Vance: The very first one-star Amazon review I got. I didn’t even know about it, but my aunt came up to me at the launch party that Amy threw for me, and said, “J.D., you have a one-star review. And it’s because you said nice things about Amy Chua.”

Chua: I was so upset! I was like, oh my god—I’m harming him. What we didn’t know then was that there would be 4,000 five-star reviews to come.

Kitchener: In Hillbilly Elegy, you talk about the advice that Amy gave you in law school as you were applying to clerkships. Can you tell us a little bit about that?

Vance: There is this herd mentality when you’re a second-year law student that tells you to go for the biggest and most prestigious law clerkship you can get—the thing that’s going to give you the best chance of clerking for the Supreme Court. I was definitely caught up in that a little bit, even though I realized that clerking for the Supreme Court—as cool as it would be—wouldn’t really help my career goals. I already knew that I didn’t want to be a lawyer anymore. Amy gave me a really, really good piece of advice. She said, “You need to do something that is going to actually serve your career goals.” She also told me to focus on my relationship with this girl that I was really into. And now, five years later, that girl is 39-and-a-half weeks pregnant with our first child. Amy gave me the permission to chart my own path, both professionally and personally. It’s the best single piece of advice I’ve ever gotten.

Chua: I always thought J.D. was destined for great things, and that going the conventional route would actually slow him down.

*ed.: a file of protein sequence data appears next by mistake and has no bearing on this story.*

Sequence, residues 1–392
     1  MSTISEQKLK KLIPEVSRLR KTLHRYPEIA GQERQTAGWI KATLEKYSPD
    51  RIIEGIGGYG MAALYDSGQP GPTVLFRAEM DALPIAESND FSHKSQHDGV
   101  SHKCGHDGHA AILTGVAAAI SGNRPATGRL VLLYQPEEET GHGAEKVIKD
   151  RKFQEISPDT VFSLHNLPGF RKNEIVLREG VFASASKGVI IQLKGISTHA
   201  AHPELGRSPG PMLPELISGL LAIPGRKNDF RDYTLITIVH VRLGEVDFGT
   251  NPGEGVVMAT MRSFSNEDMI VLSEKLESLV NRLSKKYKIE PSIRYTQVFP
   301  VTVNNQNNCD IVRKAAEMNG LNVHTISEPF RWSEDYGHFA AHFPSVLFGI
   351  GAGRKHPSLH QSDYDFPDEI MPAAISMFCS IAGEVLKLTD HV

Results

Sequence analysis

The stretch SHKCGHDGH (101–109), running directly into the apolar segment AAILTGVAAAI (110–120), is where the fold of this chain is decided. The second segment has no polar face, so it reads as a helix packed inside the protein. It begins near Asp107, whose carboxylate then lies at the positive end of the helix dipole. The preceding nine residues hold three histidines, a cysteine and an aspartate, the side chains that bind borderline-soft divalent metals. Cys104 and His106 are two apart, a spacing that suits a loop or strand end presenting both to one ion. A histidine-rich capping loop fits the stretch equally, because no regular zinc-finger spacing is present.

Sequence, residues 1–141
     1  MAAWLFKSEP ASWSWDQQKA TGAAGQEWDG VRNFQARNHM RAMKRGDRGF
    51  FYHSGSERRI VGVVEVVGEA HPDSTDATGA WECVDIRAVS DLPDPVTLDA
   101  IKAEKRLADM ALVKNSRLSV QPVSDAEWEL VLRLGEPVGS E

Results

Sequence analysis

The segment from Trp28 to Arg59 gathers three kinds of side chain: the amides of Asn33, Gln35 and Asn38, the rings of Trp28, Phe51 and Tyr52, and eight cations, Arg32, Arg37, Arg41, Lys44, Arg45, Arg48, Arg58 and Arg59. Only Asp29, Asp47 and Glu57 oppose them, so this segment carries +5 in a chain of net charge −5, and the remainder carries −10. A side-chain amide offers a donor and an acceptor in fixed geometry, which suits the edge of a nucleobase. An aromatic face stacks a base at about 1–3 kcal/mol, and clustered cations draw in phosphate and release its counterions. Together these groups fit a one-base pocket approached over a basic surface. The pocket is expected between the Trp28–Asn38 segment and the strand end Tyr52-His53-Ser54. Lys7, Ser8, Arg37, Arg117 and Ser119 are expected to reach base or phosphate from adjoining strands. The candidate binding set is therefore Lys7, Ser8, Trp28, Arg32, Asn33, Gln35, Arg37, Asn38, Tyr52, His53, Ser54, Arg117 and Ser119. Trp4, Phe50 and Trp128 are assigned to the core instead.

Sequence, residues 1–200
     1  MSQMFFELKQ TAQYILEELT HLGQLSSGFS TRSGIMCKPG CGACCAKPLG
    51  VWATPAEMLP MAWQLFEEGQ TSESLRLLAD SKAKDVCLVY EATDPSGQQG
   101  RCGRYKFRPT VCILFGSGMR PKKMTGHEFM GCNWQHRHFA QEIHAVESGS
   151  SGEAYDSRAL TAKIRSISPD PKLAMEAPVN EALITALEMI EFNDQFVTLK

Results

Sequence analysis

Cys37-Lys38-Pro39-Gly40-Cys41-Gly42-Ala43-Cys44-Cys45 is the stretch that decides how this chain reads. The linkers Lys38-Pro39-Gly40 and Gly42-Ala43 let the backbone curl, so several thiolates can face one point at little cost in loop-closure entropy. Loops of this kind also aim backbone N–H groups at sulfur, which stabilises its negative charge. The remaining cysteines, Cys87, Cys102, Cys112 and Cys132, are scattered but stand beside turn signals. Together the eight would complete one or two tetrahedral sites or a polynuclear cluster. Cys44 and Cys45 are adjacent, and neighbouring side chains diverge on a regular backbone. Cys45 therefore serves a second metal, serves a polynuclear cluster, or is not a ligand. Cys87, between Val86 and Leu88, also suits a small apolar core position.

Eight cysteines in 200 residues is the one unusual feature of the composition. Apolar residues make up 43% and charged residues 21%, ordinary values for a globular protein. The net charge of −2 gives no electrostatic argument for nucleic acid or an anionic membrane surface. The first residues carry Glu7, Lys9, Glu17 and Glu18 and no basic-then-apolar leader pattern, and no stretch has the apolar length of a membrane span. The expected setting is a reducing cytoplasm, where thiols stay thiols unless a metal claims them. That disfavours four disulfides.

Kitchener: Do either of you have any advice for students who are hoping to develop mentorship relationships with professors?

Vance: Don’t make it transactional. Don’t go into a relationship with a potential mentor thinking about what you can get out of it. Just get to know the person. I was initially drawn to Amy in the first place because we came from a similar place, and we had a similar way of looking at the world. Then a natural relationship grew out of that. I trusted her, so when she gave me advice, I actually took it.

Chua: There is this whole mentorship rage now. And I think a lot of professors are feeling like mentorship has gone off track. I’ll have students who will come in and say, “I don’t know what’s wrong, I’ve been here three months and I still don’t have a mentor.” I’ve said, “There is not a constitutional right to a mentor. You have to earn it like anything else in life.” I do love helping students. But those relationships need to be organic. As soon as it starts to feel transactional or entitled, it doesn’t work.

Kitchener: Often mentorship seems to go one way, and it’s clear how you’ve given J.D. guidance. Do you feel like J.D. has been a mentor to you?

Chua: Oh my gosh, absolutely. It’s exactly equal. I have learned so much from J.D. He offers me this window into a world I know nothing about. He has affected my own policy thoughts about what we should do in this country. It’s a two-way street.

Kitchener: Do you agree that it’s a two-way street, J.D.?

Vance: When it comes to my relationship with Amy, I am always afraid that I am taking too much. It means a lot to hear her say that I’m not. Amy has always been very helpful, always willing to make introductions. When the book first came out, she probably emailed every single television producer and personality in the United States of America. On the one hand, I really appreciated it. But on the other hand, I’m just not used to people of Amy’s stature being so nice.

Chua: I never knew you felt that way, J.D.

Vance: I did—especially when the book first came out, before things really took off. I felt like you were emailing me three or four times a day, telling me the things you were doing to help make the book a success. That meant a lot to me, but also I felt a little guilty—like, maybe I need to tell Amy that she can go back to her normal life!

Chua: It’s true, I emailed everybody. They were these creepy emails to people like Tom Brokaw, with lots of smiley faces and exclamation points.